Forschungsverbund Berlin. "Mud, Mud, Glorious Mud?." ScienceDaily. www.sciencedaily.com/releases/2007/11/071117103531.htm (accessed October 25, 2014).

Share This



More Plants & Animals News

Saturday, October 25, 2014

Featured Research

from universities, journals, and other organizations


Featured Videos

from AP, Reuters, AFP, and other news services

Deep Sea 'mushroom' Could Be Early Branch on Tree of Life

Deep Sea 'mushroom' Could Be Early Branch on Tree of Life

Reuters - Innovations Video Online (Oct. 24, 2014) Miniature deep sea animals discovered off the Australian coast almost three decades ago are puzzling scientists, who say the organisms have proved impossible to categorise. Academics at the Natural History of Denmark have appealed to the world scientific community for help, saying that further information on Dendrogramma enigmatica and Dendrogramma discoides could answer key evolutionary questions. Jim Drury has more. Video provided by Reuters
Powered by NewsLook.com
Black Bear Cub Goes Sunday Shopping

Black Bear Cub Goes Sunday Shopping

Reuters - Light News Video Online (Oct. 23, 2014) Price check on honey? Bear cub startles Oregon drugstore shoppers. Rough Cut (no reporter narration). Video provided by Reuters
Powered by NewsLook.com
Dances With Wolves in China's Wild West

Dances With Wolves in China's Wild West

AFP (Oct. 23, 2014) One man is on a mission to boost the population of wolves in China's violence-wracked far west. The animal - symbol of the Uighur minority there - is under threat with a massive human resettlement program in the region. Duration: 00:41 Video provided by AFP
Powered by NewsLook.com
Breakfast Debate: To Eat Or Not To Eat?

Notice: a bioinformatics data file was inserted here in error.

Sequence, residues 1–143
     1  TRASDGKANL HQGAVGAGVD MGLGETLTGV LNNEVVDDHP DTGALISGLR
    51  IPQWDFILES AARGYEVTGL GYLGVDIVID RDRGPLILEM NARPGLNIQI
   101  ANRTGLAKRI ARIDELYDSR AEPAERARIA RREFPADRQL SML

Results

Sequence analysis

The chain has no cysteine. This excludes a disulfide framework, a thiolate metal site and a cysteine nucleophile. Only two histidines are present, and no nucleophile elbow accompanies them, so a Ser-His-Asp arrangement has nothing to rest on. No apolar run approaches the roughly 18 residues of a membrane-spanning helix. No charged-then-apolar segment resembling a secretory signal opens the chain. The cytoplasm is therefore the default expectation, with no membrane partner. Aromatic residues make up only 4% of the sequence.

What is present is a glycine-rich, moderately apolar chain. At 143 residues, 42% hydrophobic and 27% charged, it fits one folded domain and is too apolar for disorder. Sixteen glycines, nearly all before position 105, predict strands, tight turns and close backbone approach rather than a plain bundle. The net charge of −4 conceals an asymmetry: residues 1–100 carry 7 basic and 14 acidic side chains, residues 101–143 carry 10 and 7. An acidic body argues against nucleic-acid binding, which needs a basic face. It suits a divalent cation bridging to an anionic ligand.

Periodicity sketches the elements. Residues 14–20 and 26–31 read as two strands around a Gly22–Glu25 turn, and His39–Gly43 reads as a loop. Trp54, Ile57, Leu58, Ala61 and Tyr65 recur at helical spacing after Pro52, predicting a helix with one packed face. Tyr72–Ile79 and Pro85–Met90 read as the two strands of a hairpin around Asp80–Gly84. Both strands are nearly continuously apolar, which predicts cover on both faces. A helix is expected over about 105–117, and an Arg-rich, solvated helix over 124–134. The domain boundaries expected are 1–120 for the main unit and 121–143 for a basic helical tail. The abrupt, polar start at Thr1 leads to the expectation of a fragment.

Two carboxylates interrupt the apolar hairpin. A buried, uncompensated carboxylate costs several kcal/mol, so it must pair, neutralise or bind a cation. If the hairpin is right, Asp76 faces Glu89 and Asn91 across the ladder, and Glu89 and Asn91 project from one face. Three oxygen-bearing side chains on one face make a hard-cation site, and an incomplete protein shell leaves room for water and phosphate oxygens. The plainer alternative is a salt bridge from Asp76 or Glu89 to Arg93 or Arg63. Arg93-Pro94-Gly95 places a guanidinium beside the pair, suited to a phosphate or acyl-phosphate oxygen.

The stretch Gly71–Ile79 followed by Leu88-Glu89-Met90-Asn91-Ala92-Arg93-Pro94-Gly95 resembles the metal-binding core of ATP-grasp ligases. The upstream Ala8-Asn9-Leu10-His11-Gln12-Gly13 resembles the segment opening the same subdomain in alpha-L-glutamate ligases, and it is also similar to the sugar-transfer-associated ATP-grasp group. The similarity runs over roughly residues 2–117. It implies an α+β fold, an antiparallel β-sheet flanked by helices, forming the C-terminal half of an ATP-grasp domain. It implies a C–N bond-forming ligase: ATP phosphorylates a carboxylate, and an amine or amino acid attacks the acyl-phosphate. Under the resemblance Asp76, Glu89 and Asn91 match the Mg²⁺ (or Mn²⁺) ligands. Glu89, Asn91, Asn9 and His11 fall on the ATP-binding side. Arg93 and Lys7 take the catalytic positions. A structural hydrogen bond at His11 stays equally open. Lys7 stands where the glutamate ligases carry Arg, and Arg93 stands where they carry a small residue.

Breakfast Debate: To Eat Or Not To Eat?

Newsy (Oct. 23, 2014) Conflicting studies published in the same week re-ignited the debate over whether we should be eating breakfast. Video provided by Newsy
Powered by NewsLook.com

Search ScienceDaily

Number of stories in archives: 140,361

Find with keyword(s):
Enter a keyword or phrase to search ScienceDaily for related topics and research stories.

Save/Print:
Share:

Breaking News:

Strange & Offbeat Stories


Plants & Animals

Earth & Climate

Fossils & Ruins

In Other News

... from NewsDaily.com

Science News

Health News

Environment News

Technology News



Save/Print:
Share:

Free Subscriptions


Get the latest science news with ScienceDaily's free email newsletters, updated daily and weekly. Or view hourly updated newsfeeds in your RSS reader:

Get Social & Mobile


Keep up to date with the latest news from ScienceDaily via social networks and mobile apps:

Have Feedback?


Tell us what you think of ScienceDaily -- we welcome both positive and negative comments. Have any problems using the site? Questions?
Mobile: iPhone Android Web
Follow: Facebook Twitter Google+
Subscribe: RSS Feeds Email Newsletters
Latest Headlines Health & Medicine Mind & Brain Space & Time Matter & Energy Computers & Math Plants & Animals Earth & Climate Fossils & Ruins